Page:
"I think there certainly was a role played by COVID-19 in reducing the expectations of creditors of what is reasonable and what is acceptable almost morally in this context," Nicholas Saldias, a political analyst told The Wall Street Journal.
 Hedge fund protests in Argentina
Banners blaming hedge funds and investment firms for Argentina's debt problems are a common sight at protests in Argentina
"For the creditors, it would look bad if you are asking in the middle of the worst economic recession since the Great Depression and a pandemic which is killing hundreds of people…in the country for an exorbitant amount of money."
Is the end of the matter?
Even with the deal now struck, it is certainly not the end of Argentina's economic problems. Rather than be seen as a cure, it is more of a bandage that allows the country time to pursue a more lasting treatment for its ills.
Argentina also owes around $44 billion to the IMF, a figure it will also likely need to restructure if it is to have any hope of paying it back.
Beyond the immediate problems of debt and debt reissuance, Argentina has basic economic problems to contend with. The country's economy is expected to contract by 10% this year and with a currency crisis and spiraling inflation on top of the chaos of the pandemic, there is obviously no one-size-fits-all deal that will pull it to safety. The road ahead remains long and treacherous.
 

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I mean, at its core, Argentina is a third world country condemned not to flourish.

I've always seen my country as one of the most (if not the most) blatant example of a country doomed to fail despite its natural resources. If you take a look at Argentina's geography it's absolutely insane to think we might be in the situation we've always been. And, you know, there are tons of elements to it, from the extractivist nature of the spanish colonization, to multiple military coups, suddent swings from left to right.

But what I personally believe to be the issue, our core foundation (politicians, public employees, unions, you name it) revolves on making money as quickly as possible, with the least amount of effort and not thinking in anybody else, or in the future for that matter. Everything just works with the bare minimum effort, from transportation, to education, to healthcare. Governments come and go, generations of people come and go but there's this accepted way of running things that is ingrained on being an argentinian. Literally to the point where if you, in your job, try to push it to do the best possible effort, first it won't make a difference because the system is rigged against that kind of work philosophy, second, I've honestly had people look at you wrong at work because you're making them look bad. As in "what is this guy even doing?".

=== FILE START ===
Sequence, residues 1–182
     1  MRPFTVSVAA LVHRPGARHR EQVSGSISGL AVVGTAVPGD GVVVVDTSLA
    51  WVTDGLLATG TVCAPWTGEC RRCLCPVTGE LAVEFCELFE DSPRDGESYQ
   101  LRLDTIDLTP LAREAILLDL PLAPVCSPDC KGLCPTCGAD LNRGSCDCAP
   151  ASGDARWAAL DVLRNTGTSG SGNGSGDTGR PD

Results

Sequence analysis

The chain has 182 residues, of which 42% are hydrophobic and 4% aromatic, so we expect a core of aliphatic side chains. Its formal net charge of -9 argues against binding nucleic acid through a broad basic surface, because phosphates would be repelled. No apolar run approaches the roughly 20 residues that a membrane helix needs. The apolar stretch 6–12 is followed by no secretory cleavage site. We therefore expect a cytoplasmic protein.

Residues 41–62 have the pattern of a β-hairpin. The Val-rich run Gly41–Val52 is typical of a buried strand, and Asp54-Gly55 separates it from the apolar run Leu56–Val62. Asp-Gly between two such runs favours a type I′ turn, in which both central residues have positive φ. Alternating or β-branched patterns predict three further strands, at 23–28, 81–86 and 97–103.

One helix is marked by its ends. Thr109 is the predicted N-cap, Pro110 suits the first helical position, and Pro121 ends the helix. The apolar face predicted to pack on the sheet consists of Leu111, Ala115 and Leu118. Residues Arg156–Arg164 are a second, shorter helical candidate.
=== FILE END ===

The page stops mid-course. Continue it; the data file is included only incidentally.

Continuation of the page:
At this point in my life, honestly, I just try to do the best I can at my job, take care of my family and try to spread love around. The big picture is not going to change and there's no point in making one's mental health suffer for nothing.

ok, now I'm done venting
Practically everything u mentioned has also been gradually occurring in the so-called north western oriented ‘advanced civilisations’ & the finger can b pointed directly at the globalist elites, central bankers or simply TPTB that control these governments & policy makers.
 

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Practically everything u mentioned has also been gradually occurring in the so-called north western oriented ‘advanced civilisations’ & the finger can b pointed directly at the global elites, central bankers or simply TPTB that control these governments & policy makers.
Oh, for sure. But I think the key difference is that in most of these countries, even within this context you're describing, the average quality of life is at least acceptable. Which is more I can say for this disfunctional attempt of a state.
 
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There is perhaps a marked romantization of the smart and then the con man . The ones who take advantage of the system or in general in any situation is seen at every level , in every social class, every ideology right or left.
I feel this applies to Chile too. We're doomed, ain't we?
 

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Also I wanted to ask why Argentinian movies are good/great (at least the ones that make it abroad) and the Chilean ones suck so much?